Archive for July, 2016


There is something of an execution spree going on in Indonesia at present with a number of people already executed by firing squad and more likely to follow.  This is a message sent out by Amnesty UK: –

I’m getting in touch with sad news.  Last night, Indonesian authorities killed four prisoners by firing squad.  All four had been convicted of drugs crimes, their families only told yesterday morning that their loved one would be killed that night.

Indonesian Fredi Budiman, and Nigerian prisoners Humphrey ‘Jeff’ Jefferson Ejike, Michael Titus Igweh, and Seck Osmane had their right to life taken from them in the depth of night in the middle of a raging storm. They were shot dead by a firing squad on Indonesia’s infamous ‘execution island’.

But ten more prisoners received a last-minute stay of execution.

The lives of ten more people hang in the balance.  And we need to make sure the Indonesian authorities do not go ahead with these executions.

Thanks to [Amnesty supporters] contacting the Indonesian authorities and sharing the story, the tragic execution of four people last night made headlines around the world.  All we can do now is keep calling for justice and for an end to the executions – with the hope that pressure from around the world will save the ten lives at stake.

Do please share our action to stop the remaining executions.  Go to the Amnesty UK site for more details on how to take action.

action@amnesty.co.uk

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War in Yemen

For most of this year we have been commenting on the war in Yemen and the human rights situation in Saudi Arabia.  We wrote to the Salisbury MP John Glen, who replied enclosing a bland statement from the Foreign Office Minister, Tobias Ellwood.  We have noted the government’s activities in getting the Saudi’s onto the UN’s Human Rights Council and the continued supply of arms to the Saudis despite their use in Yemen on civilian targets, schools and medical facilities.  We have also noted the steady softening of policies to make it easier – it is believed – for arms companies to ply their trade.  The Telegraph reported in an article in February, the difference between Syria and Yemen.  In the former country, bombing of a MSF hospital led to outrage by press and politicians in the UK:  by contrast, bombing of MSF hospitals in Yemen is greeted by a deafening silence :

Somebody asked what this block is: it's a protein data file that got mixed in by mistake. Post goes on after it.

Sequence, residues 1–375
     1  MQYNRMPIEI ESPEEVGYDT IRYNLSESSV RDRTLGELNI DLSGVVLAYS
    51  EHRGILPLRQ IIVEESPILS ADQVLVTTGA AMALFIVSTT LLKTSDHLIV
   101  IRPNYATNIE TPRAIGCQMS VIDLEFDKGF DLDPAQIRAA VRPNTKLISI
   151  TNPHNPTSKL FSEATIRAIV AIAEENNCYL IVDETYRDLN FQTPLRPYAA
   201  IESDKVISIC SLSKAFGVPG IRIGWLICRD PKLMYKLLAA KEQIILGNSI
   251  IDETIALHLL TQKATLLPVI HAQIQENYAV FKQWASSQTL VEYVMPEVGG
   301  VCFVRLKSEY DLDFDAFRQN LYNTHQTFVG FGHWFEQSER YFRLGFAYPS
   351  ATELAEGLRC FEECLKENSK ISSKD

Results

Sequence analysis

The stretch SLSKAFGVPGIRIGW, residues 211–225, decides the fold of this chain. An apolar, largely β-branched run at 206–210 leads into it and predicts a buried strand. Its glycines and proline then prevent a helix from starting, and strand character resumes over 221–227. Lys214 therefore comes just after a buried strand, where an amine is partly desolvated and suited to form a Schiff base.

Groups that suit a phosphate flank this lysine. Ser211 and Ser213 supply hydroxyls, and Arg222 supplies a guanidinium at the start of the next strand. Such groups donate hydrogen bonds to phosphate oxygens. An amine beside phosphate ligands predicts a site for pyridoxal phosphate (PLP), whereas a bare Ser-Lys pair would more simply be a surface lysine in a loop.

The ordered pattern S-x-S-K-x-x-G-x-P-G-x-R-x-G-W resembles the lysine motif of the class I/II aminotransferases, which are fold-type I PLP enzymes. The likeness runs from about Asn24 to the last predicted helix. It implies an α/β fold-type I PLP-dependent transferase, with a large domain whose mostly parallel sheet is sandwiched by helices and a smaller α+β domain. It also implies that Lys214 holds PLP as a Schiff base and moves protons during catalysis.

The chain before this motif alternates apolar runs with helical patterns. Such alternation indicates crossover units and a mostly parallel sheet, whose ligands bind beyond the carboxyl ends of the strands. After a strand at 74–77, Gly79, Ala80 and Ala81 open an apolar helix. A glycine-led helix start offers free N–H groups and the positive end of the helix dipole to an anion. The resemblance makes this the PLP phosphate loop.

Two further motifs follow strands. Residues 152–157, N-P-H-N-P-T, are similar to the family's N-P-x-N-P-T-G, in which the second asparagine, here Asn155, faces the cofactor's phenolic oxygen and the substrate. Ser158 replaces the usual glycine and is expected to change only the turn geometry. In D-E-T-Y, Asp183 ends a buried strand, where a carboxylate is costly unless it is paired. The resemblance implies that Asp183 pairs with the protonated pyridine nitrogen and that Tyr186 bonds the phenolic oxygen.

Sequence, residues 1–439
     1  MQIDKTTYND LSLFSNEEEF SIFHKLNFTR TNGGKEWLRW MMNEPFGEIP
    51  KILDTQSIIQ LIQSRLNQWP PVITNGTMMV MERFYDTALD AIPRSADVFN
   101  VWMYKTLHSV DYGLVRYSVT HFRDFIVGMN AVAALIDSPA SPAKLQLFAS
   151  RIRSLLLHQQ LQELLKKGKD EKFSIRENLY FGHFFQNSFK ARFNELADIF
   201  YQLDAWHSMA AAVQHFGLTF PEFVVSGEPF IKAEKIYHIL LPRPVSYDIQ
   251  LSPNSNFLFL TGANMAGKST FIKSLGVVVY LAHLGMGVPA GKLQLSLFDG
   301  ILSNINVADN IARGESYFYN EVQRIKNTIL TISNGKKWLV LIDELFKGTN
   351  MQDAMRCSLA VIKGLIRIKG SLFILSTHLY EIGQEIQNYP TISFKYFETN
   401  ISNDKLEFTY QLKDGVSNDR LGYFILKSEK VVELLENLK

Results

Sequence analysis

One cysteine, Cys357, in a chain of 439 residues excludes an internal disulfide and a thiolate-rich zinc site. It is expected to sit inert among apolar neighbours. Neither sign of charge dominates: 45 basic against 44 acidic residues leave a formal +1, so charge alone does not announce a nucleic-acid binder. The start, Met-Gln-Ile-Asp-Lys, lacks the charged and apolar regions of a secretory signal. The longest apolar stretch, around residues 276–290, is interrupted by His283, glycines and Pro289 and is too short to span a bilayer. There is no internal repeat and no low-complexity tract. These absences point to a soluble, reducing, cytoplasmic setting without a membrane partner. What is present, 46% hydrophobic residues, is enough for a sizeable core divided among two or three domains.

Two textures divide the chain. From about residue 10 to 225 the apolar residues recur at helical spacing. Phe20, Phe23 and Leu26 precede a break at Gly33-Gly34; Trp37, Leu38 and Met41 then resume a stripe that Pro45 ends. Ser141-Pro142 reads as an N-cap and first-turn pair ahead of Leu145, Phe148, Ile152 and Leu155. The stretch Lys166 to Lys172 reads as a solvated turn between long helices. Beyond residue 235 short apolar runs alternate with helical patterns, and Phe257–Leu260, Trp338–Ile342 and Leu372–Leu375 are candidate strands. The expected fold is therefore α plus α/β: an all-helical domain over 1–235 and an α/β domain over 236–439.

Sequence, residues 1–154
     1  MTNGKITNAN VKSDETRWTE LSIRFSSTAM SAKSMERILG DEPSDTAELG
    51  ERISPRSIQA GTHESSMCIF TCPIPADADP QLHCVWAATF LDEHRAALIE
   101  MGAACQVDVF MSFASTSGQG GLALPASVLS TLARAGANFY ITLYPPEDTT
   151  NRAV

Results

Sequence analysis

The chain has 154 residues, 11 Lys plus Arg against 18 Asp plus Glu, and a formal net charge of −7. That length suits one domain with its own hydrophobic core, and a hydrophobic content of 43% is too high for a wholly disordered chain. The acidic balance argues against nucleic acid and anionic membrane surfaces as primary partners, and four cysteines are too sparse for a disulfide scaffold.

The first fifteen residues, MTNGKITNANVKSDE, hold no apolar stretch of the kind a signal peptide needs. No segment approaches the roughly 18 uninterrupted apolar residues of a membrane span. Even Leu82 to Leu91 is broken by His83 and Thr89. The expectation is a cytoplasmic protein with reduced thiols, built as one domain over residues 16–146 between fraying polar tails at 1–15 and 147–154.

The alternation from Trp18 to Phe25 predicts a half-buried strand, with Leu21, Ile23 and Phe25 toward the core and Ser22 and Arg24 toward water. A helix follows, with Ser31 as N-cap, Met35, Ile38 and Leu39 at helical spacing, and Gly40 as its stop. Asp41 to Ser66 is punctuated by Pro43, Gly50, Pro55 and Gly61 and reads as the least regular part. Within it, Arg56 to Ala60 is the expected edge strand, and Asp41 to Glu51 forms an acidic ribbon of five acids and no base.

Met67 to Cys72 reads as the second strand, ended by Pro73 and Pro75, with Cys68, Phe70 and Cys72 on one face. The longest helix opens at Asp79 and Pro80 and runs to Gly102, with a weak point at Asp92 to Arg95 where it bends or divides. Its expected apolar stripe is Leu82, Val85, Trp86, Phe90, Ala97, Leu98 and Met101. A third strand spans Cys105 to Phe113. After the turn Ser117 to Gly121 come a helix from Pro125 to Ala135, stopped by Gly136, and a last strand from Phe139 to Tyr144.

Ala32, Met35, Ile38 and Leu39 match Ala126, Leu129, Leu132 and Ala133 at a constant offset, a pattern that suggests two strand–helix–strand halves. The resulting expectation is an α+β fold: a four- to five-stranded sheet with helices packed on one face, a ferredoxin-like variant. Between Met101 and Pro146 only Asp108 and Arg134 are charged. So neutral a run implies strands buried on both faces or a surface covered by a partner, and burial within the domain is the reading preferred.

Alas, this is not merely about Western indifference but about complicity and collusion. Last October, Britain and the US successfully blocked plans for a UN independent investigation into potential war crimes committed by Saudi Arabia in Yemen. This was a unique opportunity to hold all sides of the conflict accountable for their actions. Instead, Saudi Arabia has been allowed to investigate itself through its own internal commission.  (24 Feb 2016)

Then, on Thursday 21st July when parliament rose, there was a curious statement issued by the FCO.  It has been forced to retract numerous written and oral statements to parliament which said ministers had assessed that Saudi Arabia was not in breach of international humanitarian law in Yemen.

The admission led to calls by the Liberal Democrats for an investigation into Saudi behaviour in Yemen and a suspension of UK arms sales.  The Liberal Democrats have repeatedly claimed that the Saudi military campaign has targeted civilians.  We also drew attention in a previous blog to the presence of British service personnel in Saudi control rooms.  The Foreign Office said the incorrect statements – made by three different ministers, some as far back as six months ago – were errors and did not represent an attempt to mislead MPs over its assessment of the Saudi campaign.

It stressed that other written answers had made clear that the UK government had made no assessment of whether the Saudis were in breach of humanitarian law.

The last day of parliament is a favourite time to slip out inconvenient statements since there is no time for questions or debate to take place.  The FCO simply said it had been reviewing the correspondence.